Venture Haves and Have Nots


Various commenters have recently observed that there appears to be a small number of very hot startups that can easily raise large amounts of capital at very high valuations, and a larger number of not as hot startups that face more difficulty in raising money. Eric Little and Herb Fockler at Wilson Sonsini were kind enough to share some population statistics drawn from their financings database, in response to discussions from my previous post (“VC Bubble” a Reflection of Public Markets). More specifically, we wanted to see if that data supported the notion that venture financings have dichotomized into a world of Haves and Have Nots. If the data showed average valuations were climbing faster than median valuations, that would be consistent with an increasing dichotomization.

Positive Skew Distribution

Since the lowest valuation in a venture financing can’t go below zero and the highest valuation is unbounded, we expect the average to be higher than the median. Below is a graphical reminder of what a positive skew distribution looks like.

Generic positive skew distribution example.

The ratio of the average to the median value gives us a measure of how far out those outliers on the right hand side are. The higher this ratio, the more pronounced the Haves vs Have Nots separation is. And, if the Haves vs Have Nots issue was becoming more pronounced over time, we would expect this ratio of average valuation to median valuation to go up over time. Below is a plot of those ratios drawn from the WSGR financings universe. Each point in this plot represents the average pre-money valuation of the financings WSGR was involved in for the given quarter and the given financing sequence, divided by the median pre-money for the same group.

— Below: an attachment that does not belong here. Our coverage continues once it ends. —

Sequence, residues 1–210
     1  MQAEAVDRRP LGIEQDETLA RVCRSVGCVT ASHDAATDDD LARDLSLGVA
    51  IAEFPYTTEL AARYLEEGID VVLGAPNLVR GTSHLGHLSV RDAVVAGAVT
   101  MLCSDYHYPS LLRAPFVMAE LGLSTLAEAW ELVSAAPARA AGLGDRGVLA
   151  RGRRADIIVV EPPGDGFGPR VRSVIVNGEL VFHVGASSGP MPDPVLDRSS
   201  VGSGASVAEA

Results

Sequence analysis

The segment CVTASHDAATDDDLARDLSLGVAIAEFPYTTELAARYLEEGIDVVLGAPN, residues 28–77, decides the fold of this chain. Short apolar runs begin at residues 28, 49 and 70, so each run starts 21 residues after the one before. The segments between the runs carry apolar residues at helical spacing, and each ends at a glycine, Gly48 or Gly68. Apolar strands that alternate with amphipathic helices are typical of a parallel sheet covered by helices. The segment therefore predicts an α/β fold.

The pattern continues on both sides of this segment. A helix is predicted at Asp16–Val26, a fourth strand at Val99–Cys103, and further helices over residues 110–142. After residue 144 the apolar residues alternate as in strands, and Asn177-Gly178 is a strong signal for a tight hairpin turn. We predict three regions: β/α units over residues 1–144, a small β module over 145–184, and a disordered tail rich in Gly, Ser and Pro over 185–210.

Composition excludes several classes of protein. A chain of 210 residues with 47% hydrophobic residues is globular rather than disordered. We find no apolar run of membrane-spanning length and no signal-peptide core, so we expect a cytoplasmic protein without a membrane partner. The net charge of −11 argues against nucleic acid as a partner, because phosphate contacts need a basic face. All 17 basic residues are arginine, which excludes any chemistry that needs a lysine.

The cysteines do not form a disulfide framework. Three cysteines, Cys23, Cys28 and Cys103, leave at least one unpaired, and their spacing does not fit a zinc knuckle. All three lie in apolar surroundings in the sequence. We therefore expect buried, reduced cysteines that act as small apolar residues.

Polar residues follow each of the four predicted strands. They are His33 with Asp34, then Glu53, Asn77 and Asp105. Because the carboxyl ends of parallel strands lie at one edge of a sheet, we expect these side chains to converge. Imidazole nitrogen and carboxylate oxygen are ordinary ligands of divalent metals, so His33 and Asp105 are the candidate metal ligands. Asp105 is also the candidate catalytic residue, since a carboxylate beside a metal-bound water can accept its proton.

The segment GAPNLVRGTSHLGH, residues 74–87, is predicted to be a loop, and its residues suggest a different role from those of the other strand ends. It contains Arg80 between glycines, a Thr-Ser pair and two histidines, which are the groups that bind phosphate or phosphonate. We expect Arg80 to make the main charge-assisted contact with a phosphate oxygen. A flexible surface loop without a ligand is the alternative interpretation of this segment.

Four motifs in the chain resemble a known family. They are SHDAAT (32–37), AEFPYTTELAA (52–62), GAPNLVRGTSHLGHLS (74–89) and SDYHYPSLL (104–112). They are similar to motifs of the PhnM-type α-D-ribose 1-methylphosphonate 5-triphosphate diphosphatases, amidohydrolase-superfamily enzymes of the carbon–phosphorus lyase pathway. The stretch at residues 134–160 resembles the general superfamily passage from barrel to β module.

Ratio of Average to Median Pre-Money Valuations in WSGR Financings Universe. Higher ratio indicates more pronounced positive skew — a few high value outliers.

As expected, we see the ratios are generally well above 1.0. The average ratio across all 80 quarterly data points is about 1.9, which indicates a very pronounced positive skew to the population. This says that venture financings generally have a small number of hot companies commanding very high valuations and a larger number of less hot companies getting significantly lower valuations.

Looking at the data over time, it’s hard to draw any strong conclusions. We humans are given to seeing trends where there is just statistical noise. The apparent trend of rising Series B dichotomization over the last few quarters may be evidence of an increasing dichotomization between the Haves and the Have Nots, or it may just be statistical noise. The fact that the Series C+ financings don’t show this behavior makes it harder to believe there is a truly causal increasing Haves vs Have Nots effect.

Finally, in the table below, we see something that does seem statistically significant for this data set: the Haves vs Have Nots effect increases with financing stage sequence, which doesn’t seem too surprising. When an Uber is raising Angel money, it is just another intriguing startup story, and it commands less of a premium relative to all other financings. But, when they are raising a $1.2B Series D, they have the staggering financial metrics to prove they are the hottest company around.

Summary statistics from plot above.

Summarizing, this data leads us to three interesting conclusions:

  1. Venture financings have always been about Haves and Have Nots, with Average Pre-Money Valuations for the few hot companies far outstripping the valuations of the large number of less hot companies.
  2. The Haves vs Have Nots effect is more pronounced with later sequences of financings, with a high degree of statistical certainty.
  3. There is only weak statistical support for the idea that the Haves vs Have Nots effect has increased over the last 20 quarters.